15 Maximizing Response Rates  Maximizing response rates is important to reduce uncertainty about how well your completed sample matches the population of interest.  Dillman (2008) and others have long studied how to maximize response rates for surveys that were telephone, mailed, or in-person.  There is growing research on electronic survey response rates. 15

16 Research Methods  We compare response rates from five different survey implementations:  1: 2012 spring OSU (n=10,000)  2: 2013 spring OSU sample A (n=10,000)  3: 2013 spring OSU sample B (n=10,000)  4: 2013 spring OSU School of ENR (n=538)  5: 2013 spring UMD (n=10,000)  We tried different treatments and tracked survey responses with survey software (Survey Monkey and Qualtrics) 16

17 Key Variables Affecting Response Rates among College Students  Timing  When to send the invitation and reminders  Incentives  text  Who it is from  Questionnaire format  Long list of questions vs. more page clicks 17

18 Timing Matters  Time of Semester:  Last week of semester and into finals week  Middle of semester  Time of Day:  6:00 am  6:00 pm  Reminders are critical  big spike in completed surveys after each reminder, with a fast decay 18

19 Timing Matters  Overall, you want students sitting at their computers… but wanting to be distracted 19

20 Incentives  Some disagreement in research on best way to provide incentives  ahead of time (Dillman 2008)  randomly select winner of 1 big prize  give more/all respondents smaller prizes  May impact the validity of the data 20

21 Survey Responses 21 UMD n=1,556 OSU n=2,621 Day

22 text  How the invitation s are phrased affects response rates.  Besides making the invitation personal, clear, and as short as possible, prior research has found that who the invitation comes from matters.  An appeal from a trusted authority increases response rates. 22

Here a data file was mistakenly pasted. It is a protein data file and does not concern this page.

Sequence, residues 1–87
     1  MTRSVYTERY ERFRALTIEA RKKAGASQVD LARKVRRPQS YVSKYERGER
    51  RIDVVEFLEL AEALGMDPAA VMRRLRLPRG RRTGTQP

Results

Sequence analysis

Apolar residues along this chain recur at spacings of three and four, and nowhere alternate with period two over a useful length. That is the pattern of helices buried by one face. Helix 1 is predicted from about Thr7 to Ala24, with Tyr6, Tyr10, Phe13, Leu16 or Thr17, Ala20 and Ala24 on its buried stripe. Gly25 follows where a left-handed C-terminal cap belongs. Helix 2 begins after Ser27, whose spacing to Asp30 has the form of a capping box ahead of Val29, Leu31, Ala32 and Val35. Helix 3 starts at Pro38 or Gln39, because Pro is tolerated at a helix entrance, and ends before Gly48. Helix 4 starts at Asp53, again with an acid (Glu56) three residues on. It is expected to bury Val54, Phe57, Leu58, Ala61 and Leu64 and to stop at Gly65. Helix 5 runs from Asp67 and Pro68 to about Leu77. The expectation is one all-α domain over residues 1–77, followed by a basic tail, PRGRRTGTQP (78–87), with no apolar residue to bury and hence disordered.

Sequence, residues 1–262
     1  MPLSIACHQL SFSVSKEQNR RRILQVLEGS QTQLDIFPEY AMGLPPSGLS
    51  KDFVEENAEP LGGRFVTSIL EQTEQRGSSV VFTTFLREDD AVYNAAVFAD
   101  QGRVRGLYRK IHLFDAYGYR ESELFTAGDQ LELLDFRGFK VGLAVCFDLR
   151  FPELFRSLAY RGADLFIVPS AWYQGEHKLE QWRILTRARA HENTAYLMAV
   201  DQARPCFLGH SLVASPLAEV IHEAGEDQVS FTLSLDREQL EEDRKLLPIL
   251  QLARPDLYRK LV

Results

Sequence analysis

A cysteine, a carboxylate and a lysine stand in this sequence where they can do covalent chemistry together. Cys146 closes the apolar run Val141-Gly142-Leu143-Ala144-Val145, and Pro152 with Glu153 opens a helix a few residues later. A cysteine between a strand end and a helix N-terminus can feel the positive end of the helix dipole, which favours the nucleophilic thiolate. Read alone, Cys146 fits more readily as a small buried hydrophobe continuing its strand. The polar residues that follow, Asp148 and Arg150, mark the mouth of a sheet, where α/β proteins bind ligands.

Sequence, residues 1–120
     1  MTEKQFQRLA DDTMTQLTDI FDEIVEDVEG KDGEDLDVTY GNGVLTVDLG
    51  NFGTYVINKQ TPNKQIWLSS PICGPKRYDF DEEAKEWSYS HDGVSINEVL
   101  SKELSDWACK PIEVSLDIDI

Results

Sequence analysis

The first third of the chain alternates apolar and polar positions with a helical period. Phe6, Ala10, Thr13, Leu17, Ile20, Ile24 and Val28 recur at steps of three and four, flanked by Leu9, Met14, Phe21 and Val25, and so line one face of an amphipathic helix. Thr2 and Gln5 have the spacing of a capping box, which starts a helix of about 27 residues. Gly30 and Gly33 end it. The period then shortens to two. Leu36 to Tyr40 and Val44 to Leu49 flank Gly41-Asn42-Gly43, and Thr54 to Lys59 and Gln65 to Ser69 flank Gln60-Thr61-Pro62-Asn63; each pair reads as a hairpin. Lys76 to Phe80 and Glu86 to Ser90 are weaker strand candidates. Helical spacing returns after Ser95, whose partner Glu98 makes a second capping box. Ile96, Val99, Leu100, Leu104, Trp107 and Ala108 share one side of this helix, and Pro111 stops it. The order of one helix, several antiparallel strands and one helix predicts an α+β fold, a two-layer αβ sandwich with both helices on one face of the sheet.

23 text: Appeal from Authority  We compared an appeal from authority versus an appeal from a peer (student).  Two surveys, A and B, had an appeal from a higher authority (University VP) for first 3 contacts.  For the 4 th contact kept the higher authority for A, but switched B to have to an appeal from a grad student 23

24 text: Appeal from Authority  Results: = additional 538 = additional 348 over the next 65 hours 24

25 Questionnaire Format  Trade-off:  Long list of questions to scroll down  Shorter lists with a page click to get to the next page  We analyzed respondent drop-outs spots  Highest spots were just after clicking to the next page  We recommend finding a balance… 25

26 Non-Respondent Bias  Even after efforts to maximize response rates, are the non-respondents different from the respondents?  We conducted a non-respondent short survey (5 questions + some demographics).  Results indicate that non-respondents are slightly but significantly less knowledgeable about sustainability topics, but no difference in GPA or pro-environmental behaviors. 26

27 Planning ahead…  For longitudinal studies:  Write a multiple year IRB  Let registrar know this is a yearly survey  Finding partners  Sustainability office  Academic departments with survey expertise (interdisciplinary social science, communications, environmental studies, sociology, political science, psychology) 27

28 Acknowledgements Funded by:  Office of Energy Services and Sustainability  OSU’s School of Environment & Natural Resources  28

29 Thank You!  Environment and Social Sustainability Lab  ess.osu.edu ess.osu.edu  Contains:  This presentation  The 28 question ASK  Forthcoming article    Questions? 29